Thirteenth Sunday after Trinity

Ezekiek 33: 7-11; Romans 13: 8-end; Matthew 18: 15-20

During these Sundays after Trinity, we are continuing to reflect on how we live our Christian life in response to God’s love for us, and about how our relationships work and could improve.

Firstly, in our reading from Ezekiel we hear God calling to be the sentinel for his people and warning Ezekiel that if he doesn’t point out people’s faults to them, he will be responsible for the crime they commit.  It will be the result of his negligence.  He is the sentinel for them, for their behaviour.  Of course if they ignore him, then it is down to them.

This is a heavy responsibility for Ezekiel or for a priest to bear. Indeed, all of us must bear it as we are a priesthood of all believers.  We are all responsible for one another’s errors, for helping one another to find the truth.  God ‘desireth not the death of a sinner, but rather than he may turn from his wickedness and live’.

When we come to our gospel reading, we find that Jesus seems to expect that there will be arguments when people meet in community. He expects there to be disagreements at times.  When people meet together there are bound to be differences and we need to accept this.  But then find a way through, calmly and carefully, simply and directly.  The whole thrust of this passage is about reconciliation.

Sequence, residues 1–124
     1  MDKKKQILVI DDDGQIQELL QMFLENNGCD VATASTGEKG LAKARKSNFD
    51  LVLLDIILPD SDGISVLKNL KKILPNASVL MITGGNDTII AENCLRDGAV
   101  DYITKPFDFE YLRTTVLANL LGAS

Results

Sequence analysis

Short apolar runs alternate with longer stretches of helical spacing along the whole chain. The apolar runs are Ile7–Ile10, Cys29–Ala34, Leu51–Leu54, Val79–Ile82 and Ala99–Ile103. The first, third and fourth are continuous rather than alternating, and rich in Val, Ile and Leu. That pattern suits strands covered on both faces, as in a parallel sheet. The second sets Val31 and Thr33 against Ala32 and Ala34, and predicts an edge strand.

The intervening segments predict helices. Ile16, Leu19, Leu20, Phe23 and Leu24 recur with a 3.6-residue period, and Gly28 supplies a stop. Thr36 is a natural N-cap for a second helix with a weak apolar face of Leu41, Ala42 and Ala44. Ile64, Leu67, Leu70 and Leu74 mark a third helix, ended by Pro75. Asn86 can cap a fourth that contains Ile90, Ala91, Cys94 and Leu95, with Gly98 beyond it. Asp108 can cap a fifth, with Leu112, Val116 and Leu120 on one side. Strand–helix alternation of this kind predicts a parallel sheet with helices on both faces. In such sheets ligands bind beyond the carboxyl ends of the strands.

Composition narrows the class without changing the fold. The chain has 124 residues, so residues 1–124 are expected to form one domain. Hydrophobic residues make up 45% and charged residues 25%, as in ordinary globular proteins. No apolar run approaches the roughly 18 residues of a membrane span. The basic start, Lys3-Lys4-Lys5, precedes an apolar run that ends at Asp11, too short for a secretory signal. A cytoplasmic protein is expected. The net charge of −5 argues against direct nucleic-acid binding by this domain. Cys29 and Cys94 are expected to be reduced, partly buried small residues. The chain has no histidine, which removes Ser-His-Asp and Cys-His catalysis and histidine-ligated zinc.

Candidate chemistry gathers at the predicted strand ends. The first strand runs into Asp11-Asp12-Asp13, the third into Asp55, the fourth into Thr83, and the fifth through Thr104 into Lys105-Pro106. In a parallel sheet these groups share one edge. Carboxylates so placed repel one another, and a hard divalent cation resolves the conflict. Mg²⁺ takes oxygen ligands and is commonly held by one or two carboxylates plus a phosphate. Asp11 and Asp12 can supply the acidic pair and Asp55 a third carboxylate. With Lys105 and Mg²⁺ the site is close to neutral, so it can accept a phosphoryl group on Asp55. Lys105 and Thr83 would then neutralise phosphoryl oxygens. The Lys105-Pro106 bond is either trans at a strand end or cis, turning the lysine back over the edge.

So Jesus sets out this process for us.  He sounds very Archdeacon-like here.  He talks about three stages of action, keeping the whole thing as low profile as possible.  If it comes to the worst and someone has to leave the community and be treated as a gentile or a tax collector, they are never outside God’s love. He actually has special concern for these too.  These are the people he has come to save, he tells us.

Jesus uses this strange phrase binding and loosing which is not a familiar concept for us, the ability to judge others, the authority to forgive or not to forgive. It seems unlikely that he is trying to secure or increase the power of the ecclesiastical hierarchy, but rather that whenever this power is used, his concern is the least powerful members of the community, that they can find forgiveness and flourishing.

We all have the powers to make decisions about things, to practise binding and loosing, choosing where we shop, what paper we read, how we spend our money, which charity we support, schools we send our children to.  Not a question of whether or not we wield this power, but more about the effect our decisions have on the world.  Does it result in the sort of society we want to live in, is it like God’s kingdom come on earth?

When considering  this reading, I was obviously thinking about conflicts, about how and why they come about, how they can be resolved to the benefit of all.

I thought about that great conflict between Tom and Jerry. Tom of course wants to eat Jerry for his supper and Jerry wants to have as much fun and sport at Tom’s expense. Tom is constantly watching out for opportunities to catch Jerry who is watching for every chance to outwit him and in turn to inflict pain and discomfort upon the poor old cat.  Of course we all laugh.